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HIV/AIDS Blog Central

HIV/AIDS Blog Central: Perspectives From the HIV/AIDS Community


Being Thankful for a Blessing in Disguise
By Harold R. "Scottie" Scott
November 22, 2016

As you are reading about someone living with HIV/AIDS, you may be saying to yourself, how can that be a blessing, and how on earth can he be thankful. Being infected is not itself a blessing, nor is it something I am thankful for -- in the sense of being happy I am infected. However, had it not been for HIV, I, like most who are not infected, would likely not be as thankful or feel as blessed to have a life and a purpose that touches others.

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Celebrate Your Lives, and Think of Me as I Fight for Mine
By Tim Hinkhouse
November 22, 2016

My editor JD at TheBody.com asked me to write a contribution for World AIDS Day reflecting on this past year or this upcoming 2017. As usual, I am hoping for a cure in 2017. Thanks to modern-day science, we have medicines that will suppress the HIV virus and allow a longer life for us.

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We Are Here, and We Are Tired: A Challenging, Amazing, Undetectable Year
By Rev. Andrena Ingram
November 22, 2016

As World AIDS Day approaches, I am daily recognizing the blessing of life, and family and friends. I am recognizing always those in this struggle who have gone on before me, those who will come after me and those in the trenches with me right now. I am especially thankful and prayerful for those of us who are long-term survivors.

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Ending HIV Stigma
By Christina Carta
November 21, 2016

We are not just another case number. We are important to our communities.

You never know who you will run into sometimes, even at the doctor's office. I myself, as so many, live with my status. I don't want to say illness or disease, because both remind me of being sick.

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For Black Boys Who've Considered Suicide When Undetectable Isn't Enuff
By Abdul-Aliy A Muhammad
November 21, 2016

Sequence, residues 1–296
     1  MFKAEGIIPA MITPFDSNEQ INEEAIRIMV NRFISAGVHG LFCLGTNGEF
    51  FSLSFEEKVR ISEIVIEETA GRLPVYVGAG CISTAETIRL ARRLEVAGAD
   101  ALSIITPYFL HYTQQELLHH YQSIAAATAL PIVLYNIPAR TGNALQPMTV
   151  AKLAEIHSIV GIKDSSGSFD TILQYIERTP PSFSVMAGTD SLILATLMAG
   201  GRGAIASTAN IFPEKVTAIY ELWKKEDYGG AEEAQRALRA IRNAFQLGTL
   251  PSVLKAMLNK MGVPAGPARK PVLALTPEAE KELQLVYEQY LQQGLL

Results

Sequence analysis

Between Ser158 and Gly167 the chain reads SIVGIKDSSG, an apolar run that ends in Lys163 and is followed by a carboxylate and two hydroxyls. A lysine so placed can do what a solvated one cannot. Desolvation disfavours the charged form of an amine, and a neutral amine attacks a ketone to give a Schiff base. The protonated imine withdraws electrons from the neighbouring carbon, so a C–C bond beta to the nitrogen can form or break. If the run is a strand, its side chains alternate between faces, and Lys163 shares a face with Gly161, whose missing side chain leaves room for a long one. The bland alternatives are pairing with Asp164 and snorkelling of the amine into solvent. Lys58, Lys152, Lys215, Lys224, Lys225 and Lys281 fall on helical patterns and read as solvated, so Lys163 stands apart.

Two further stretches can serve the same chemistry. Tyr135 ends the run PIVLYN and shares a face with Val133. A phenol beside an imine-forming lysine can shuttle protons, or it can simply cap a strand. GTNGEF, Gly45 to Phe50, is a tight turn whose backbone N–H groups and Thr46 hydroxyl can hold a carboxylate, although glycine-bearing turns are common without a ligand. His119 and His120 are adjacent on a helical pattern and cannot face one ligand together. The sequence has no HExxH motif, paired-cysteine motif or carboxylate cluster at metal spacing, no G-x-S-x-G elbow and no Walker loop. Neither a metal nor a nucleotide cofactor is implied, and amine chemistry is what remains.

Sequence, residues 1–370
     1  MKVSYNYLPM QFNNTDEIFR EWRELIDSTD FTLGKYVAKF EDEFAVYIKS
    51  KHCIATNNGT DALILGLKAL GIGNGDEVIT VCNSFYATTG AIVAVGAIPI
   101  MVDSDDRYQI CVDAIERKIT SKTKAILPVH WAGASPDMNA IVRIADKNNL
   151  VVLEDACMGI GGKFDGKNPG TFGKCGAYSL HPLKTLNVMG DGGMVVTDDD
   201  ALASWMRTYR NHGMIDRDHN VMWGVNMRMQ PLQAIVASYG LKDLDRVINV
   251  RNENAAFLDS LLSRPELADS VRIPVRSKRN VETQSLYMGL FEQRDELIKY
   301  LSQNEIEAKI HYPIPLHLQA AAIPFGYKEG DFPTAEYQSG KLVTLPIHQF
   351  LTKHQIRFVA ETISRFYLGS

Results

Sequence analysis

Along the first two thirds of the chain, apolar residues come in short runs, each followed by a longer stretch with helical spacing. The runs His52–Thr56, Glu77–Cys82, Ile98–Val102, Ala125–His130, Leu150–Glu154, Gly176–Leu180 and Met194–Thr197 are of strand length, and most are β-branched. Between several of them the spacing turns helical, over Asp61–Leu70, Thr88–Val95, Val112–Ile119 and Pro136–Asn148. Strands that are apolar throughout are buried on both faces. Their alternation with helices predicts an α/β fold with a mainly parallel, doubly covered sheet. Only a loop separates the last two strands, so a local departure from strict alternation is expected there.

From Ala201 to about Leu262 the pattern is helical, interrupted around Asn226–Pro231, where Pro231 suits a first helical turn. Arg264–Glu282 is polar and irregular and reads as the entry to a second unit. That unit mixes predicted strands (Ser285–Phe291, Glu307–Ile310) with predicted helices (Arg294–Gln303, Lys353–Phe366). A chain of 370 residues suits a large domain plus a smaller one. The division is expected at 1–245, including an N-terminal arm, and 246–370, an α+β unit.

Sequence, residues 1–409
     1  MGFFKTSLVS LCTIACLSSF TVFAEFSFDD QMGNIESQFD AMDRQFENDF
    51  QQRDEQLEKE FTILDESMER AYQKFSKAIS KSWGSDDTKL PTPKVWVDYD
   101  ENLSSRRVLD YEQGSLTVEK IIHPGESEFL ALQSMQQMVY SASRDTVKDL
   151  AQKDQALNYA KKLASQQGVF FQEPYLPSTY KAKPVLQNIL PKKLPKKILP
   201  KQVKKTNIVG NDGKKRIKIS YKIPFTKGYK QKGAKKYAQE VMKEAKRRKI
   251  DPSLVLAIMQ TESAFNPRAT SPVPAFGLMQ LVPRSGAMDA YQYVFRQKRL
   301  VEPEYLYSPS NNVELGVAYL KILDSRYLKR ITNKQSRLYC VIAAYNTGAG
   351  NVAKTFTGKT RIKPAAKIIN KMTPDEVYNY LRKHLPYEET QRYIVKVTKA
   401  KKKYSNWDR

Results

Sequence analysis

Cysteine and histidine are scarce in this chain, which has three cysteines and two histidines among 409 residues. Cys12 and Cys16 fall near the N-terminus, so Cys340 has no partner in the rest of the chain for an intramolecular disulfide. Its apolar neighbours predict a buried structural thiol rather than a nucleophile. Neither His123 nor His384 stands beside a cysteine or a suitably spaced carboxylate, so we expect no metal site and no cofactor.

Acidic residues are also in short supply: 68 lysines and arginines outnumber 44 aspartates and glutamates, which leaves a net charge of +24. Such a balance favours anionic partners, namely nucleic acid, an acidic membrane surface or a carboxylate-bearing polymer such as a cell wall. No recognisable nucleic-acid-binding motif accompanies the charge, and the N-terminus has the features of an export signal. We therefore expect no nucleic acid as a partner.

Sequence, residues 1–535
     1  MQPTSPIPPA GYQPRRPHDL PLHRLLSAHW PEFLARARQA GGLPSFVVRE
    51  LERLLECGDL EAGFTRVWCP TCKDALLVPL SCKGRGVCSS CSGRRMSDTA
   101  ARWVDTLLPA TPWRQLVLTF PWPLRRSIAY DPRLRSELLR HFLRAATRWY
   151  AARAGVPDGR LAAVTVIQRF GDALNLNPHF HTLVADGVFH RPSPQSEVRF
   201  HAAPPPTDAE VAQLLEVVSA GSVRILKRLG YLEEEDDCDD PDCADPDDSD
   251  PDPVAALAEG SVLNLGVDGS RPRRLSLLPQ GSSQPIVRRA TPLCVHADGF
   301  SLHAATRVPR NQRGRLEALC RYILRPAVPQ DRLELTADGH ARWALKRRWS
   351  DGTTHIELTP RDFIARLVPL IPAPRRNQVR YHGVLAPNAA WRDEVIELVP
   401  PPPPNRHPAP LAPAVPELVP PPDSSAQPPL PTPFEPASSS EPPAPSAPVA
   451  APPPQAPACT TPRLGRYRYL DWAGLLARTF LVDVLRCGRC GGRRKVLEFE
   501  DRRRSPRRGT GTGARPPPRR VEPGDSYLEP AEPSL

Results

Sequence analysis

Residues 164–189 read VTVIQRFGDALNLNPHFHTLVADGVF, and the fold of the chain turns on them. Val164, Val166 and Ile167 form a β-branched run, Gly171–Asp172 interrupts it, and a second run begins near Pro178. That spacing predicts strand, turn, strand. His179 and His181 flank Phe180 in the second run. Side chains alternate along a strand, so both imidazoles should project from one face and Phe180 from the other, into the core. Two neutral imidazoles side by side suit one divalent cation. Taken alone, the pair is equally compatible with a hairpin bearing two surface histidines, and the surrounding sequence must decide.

Over a year ago, I was asked to step into a role as facilitator of a group for poz black men.

The new director of the organization had surreptitiously changed the name of the group to "undetectable voices"! He had been challenged on this and kept pressing, thinking this name was his golden ticket to transforming programming at the agency. I had deep feelings about this, and disagreed with and talked with him about how problematic it was to organize a group around undetectable HIV.

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What I Would Tell Another Woman About PWN Speak Up Summit 2016
By Davina Conner
November 20, 2016

September 27-30, 2016, in Fort Walton Beach, Florida, I attended a women's conference with 250 women both diagnosed with HIV and not diagnosed with HIV. People were diagnosed from over 30 years ago all the way down to a year ago. It was a great experience, something that every woman that has been diagnosed with HIV should attend. The women embraced everyone with love and made the newly diagnosed women feel a sense of comfort, hope and relief. It was a place to learn about different HIV issues that all women seem to face.

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We All Need to Stand Up to Defend HIV Medical Care in the Trump Era
By Tim Hinkhouse
November 18, 2016

Here it is post-election, and when I heard that the new guy was elected into the White House and not Hillary Clinton, I felt as if a relative had died that I'll miss tremendously. Like a lot of the country today, I have been walking around in a haze of confusion, sadness and anger and am mourning the loss of my dignity.

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Sleeping With President Donald Trump
By Mark S. King
November 15, 2016

I am on my feet at the Thanksgiving table, and my fists are slamming into the linen napkins. Silverware is quaking, pottery is rattling. The force of a particularly hard blow to the tabletop sends a dinner roll catapulting from the bread basket.

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Structural Inequality Within HIV/AIDS Service Organizations Must End
By Art Jackson
November 15, 2016

As I sat and contemplated what I would write about for World AIDS Day, I thought of many topics. Each was worthy, yet the one that made me the most uncomfortable was the one I chose. In 2016, the inequality that still permeates decision-making roles within HIV/AIDS service organizations and state HIV/AIDS departments can't continue. The failure to confront our own racism, bigotry and lack of diversity is costing lives and feels paternalistic.

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The Blessing of Desperation: My Journey to Reduce Stress After My HIV Diagnosis
By Reggie Smith
November 15, 2016

The journey of my life was dramatically altered when I was diagnosed with HIV/AIDS in 1988. There was so much that we did not know about HIV then. What we knew for sure was that people were dying in grotesque fashion, at an alarming and epidemic rate. It was not abnormal to expect that my fate would be the same -- that it would not take long for me to suffer and die. I was so afraid that my life was ending that it caused me a great deal of stress. As it turns out, stress is a killer too, and it works well with HIV to accomplish the goal of sickness and death. I could not turn back time and keep from contracting HIV, but managing my own stress was and is something I can control.

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A Brief Disclaimer: The opinions expressed by TheBody.com's bloggers are entirely their own, and do not necessarily reflect the views of TheBody.com itself.


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